CNN + Facebook Politics

By Posted in - Entry-Level PR Job & Social Media + Influencer Engagement on August 15th, 2012

With campaign season gearing up, our intern Emily delved into how social media will change the presidential election — again (a la 2008). Enjoy!

In today’s age of ever-growing digital collaborations, CNN and Facebook are the newest digital duo. The pair has announced a new partnership including a Facebook app that focuses on users’ political stances during the 2012 election.

The partnership will have Facebook monitoring what people are saying about the election, in addition to a much anticipated “I’m voting” Facebook app. According to CNN and Facebook, the app will “enable people who use Facebook to commit to voting and endorse specific candidates and issues. Commitments to vote will be displayed on people’s Facebook timeline, news feed and real-time ticker.”

So what does this mean for the election, users, PR and advertising? For years, analysts have stressed the importance and necessity of young voters. Combing two of the biggest media brands, Facebook and CNN, has the potential to change the outcome of the election. Facebook’s overwhelming popularity with Millennials is astronomical, and research consistently shows that information uploaded to social media sites can influence people within each other’s networks and beyond.

With the possibility of millions of young adults using this app, users will be consequently displaying their voting preferences to a huge network of friends. Friends will now be able to see when and where each person is voting along with their political opinions. Even more so, this information will be compiled for larger surveys that will give the nation and candidates an idea of what constituents are thinking. Insights will provide candidates with crucial information surrounding what they should change about their campaigns. And, most importantly, the chance of a positive influence and calls-to-action for young adults to go vote is definitely a possible effect.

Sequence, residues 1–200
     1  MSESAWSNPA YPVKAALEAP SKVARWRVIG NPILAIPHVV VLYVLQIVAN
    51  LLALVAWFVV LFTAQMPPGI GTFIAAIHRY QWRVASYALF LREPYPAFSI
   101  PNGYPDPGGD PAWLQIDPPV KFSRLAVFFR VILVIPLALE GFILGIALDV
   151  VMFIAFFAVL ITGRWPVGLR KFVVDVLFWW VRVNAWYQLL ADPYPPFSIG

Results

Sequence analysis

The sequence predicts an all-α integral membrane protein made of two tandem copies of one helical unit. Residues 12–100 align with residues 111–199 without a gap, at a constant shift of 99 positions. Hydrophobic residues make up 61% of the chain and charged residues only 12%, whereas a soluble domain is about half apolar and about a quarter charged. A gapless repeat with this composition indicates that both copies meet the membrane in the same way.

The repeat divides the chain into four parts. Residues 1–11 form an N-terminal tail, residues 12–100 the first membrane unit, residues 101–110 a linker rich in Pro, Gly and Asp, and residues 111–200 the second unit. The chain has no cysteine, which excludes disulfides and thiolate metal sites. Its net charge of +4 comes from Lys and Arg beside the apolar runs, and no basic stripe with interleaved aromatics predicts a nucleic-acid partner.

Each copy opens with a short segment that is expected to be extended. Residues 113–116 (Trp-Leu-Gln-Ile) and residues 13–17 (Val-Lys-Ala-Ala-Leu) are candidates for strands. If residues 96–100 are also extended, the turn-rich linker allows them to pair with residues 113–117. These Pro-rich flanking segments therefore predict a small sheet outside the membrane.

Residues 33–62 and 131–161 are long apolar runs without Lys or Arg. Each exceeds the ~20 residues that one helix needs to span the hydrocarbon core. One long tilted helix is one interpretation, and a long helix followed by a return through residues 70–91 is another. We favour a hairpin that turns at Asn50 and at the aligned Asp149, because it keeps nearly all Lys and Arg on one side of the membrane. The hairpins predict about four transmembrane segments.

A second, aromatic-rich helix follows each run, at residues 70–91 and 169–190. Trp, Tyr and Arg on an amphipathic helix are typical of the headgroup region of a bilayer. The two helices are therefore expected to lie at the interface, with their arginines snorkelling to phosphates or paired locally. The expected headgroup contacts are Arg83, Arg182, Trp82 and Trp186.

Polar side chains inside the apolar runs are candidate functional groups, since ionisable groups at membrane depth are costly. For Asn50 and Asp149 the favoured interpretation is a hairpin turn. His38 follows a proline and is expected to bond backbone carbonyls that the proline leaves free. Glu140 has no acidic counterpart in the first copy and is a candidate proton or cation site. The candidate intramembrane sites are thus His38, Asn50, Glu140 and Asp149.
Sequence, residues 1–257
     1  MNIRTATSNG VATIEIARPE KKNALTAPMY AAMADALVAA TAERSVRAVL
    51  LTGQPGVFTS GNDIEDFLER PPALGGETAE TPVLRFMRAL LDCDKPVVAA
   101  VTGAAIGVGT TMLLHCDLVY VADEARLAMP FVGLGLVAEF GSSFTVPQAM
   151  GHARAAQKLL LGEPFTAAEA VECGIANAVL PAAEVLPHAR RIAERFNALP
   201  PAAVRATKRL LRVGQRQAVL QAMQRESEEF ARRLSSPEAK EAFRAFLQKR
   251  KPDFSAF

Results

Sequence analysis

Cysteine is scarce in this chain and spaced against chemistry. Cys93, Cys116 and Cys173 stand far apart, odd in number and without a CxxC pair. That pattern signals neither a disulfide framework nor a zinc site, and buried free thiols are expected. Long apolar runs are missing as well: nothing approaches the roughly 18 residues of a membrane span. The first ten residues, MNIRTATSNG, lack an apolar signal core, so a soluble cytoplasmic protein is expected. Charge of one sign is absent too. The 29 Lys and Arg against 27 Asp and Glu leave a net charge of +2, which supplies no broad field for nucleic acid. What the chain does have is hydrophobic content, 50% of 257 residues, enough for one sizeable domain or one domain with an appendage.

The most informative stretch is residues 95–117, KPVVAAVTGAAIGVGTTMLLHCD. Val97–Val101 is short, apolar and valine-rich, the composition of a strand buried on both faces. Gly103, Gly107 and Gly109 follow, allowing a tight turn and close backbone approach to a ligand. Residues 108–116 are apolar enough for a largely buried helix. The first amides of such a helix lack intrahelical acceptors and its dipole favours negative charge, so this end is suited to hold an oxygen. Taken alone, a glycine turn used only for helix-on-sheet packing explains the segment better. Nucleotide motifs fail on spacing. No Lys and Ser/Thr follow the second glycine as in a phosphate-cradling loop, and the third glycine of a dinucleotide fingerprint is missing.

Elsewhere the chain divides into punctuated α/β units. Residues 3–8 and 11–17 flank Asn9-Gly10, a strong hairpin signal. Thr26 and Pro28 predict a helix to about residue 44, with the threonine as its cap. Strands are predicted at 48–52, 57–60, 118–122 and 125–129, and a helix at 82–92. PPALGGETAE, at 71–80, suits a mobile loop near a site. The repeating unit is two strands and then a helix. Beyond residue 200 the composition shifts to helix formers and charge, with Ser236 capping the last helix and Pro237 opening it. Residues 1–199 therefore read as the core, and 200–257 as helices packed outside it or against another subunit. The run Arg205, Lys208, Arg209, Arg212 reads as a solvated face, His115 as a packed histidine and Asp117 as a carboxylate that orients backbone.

The partnership is also changing the landscape of campaign advertising. By default, a user will become even more of a grassroots advocate for candidates by sharing personal voting preferences with his networks. This unprecedented reach far exceeds the traditional scope of word-of-mouth when conveying political views. It even blows traditional social media reach out of the water. Using this app will let the entire nation know what the Facebook community thinks and changes the democratic system by bringing candidates and voters closer together.

Nonetheless, people have voiced concerns about the continued unpopularity of Facebook apps. However, this is an unprecedented app involving one of the most important elections in history. But, only in the next few months will we be able to see the true potential and popularity of this new campaign. Despite the concerns, there is no question that the partnership has a lot of potential and is leaving many voters eager to participate.

Here’s to hoping that the newest launch will finally have young voters “rocking the vote.”



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